He didn’t even growl, “What about?” He didn’t even growl. Turning to mutter something to Mondor, he pulled himself erect and sidestepped past me to the aisle. Mondor came after him. The courier led the way, and I brought up the rear.

As we went up the concrete steps, single file, a shout came from somewhere on the left. “Go get ’em, Nero! Sick ’em!”

Such is fame.

2

“This is urgent!” Emil Chisholm squeaked. “It’s urgent!”

There was no chair in the clubroom of the size Wolfe likes and needs, but there was a big leather couch, and he was on it, breathing hard and scowling. Mondor was seated over against the wall, out of it. Chisholm, a hefty broad-shouldered guy not as tall as me, with a wide thick mouth and a long straight nose, was too upset to stand or sit, so he was boiling around. I was standing near an open window. Through it came a sudden swelling roar from the crowd out in the stands.

“Shut that goddam window!” Chisholm barked.

I did so.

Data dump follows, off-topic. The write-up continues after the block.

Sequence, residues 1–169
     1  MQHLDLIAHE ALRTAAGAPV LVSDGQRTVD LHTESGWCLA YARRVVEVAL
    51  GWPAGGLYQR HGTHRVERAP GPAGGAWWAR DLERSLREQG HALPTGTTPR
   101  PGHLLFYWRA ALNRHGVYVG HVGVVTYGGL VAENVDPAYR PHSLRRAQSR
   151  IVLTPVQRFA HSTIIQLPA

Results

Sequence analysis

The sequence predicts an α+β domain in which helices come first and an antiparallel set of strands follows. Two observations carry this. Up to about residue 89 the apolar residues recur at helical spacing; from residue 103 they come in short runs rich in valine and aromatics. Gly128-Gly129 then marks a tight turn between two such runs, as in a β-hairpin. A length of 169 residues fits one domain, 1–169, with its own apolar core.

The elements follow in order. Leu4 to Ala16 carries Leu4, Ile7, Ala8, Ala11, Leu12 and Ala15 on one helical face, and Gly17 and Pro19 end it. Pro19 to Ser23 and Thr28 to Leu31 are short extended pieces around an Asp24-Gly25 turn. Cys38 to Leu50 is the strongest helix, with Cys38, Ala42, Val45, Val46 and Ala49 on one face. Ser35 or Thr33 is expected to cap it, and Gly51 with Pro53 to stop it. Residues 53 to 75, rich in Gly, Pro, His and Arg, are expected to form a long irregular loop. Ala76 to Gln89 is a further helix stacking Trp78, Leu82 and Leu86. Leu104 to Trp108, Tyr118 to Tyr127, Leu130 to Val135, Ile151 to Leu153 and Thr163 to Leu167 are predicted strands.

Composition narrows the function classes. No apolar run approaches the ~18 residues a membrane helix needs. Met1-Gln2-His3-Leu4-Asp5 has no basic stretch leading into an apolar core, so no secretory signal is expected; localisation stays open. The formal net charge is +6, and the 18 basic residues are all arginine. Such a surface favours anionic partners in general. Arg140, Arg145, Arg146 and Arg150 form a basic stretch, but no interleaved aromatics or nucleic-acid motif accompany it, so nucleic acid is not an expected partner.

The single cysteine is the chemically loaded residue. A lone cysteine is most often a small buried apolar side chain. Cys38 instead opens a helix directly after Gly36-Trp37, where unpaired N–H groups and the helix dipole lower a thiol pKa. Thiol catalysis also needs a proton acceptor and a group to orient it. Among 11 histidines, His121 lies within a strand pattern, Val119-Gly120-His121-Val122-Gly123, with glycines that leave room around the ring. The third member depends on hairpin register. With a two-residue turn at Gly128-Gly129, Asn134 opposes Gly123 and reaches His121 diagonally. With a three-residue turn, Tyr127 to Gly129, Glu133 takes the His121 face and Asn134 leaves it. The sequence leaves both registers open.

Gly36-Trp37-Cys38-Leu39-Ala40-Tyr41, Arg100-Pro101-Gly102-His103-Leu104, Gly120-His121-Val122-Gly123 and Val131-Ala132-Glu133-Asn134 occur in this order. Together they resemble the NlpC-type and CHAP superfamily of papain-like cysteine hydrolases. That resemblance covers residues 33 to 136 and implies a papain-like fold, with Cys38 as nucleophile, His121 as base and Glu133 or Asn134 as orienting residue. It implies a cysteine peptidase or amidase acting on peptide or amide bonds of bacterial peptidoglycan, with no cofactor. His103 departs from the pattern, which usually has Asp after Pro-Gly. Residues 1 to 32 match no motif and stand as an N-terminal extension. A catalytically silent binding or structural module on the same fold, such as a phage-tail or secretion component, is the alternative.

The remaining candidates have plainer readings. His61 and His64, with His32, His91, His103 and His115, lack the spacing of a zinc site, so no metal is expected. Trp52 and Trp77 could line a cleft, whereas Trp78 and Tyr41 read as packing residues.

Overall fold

“I’m going home,” Wolfe stated in his most conclusive tone. “But not until they have left. Perhaps, if you will tell me briefly—”

“We’ve lost the series!” Chisholm shouted.

Wolfe closed his eyes and opened them again. “If you’ll keep your voice down?” he suggested. “I’ve had enough noise today. If losing the series is your problem, I’m afraid I can’t help.”

“No. Nobody can.” Chisholm stood facing him. “I blew up, damn it, and I’ve got to get hold of myself. This is what happened. Out there before the game Art got a suspicion—”

“Art?”

“Art Kinney, our manager. Naturally he was watching the boys like a hawk, and he got a suspicion something was wro ...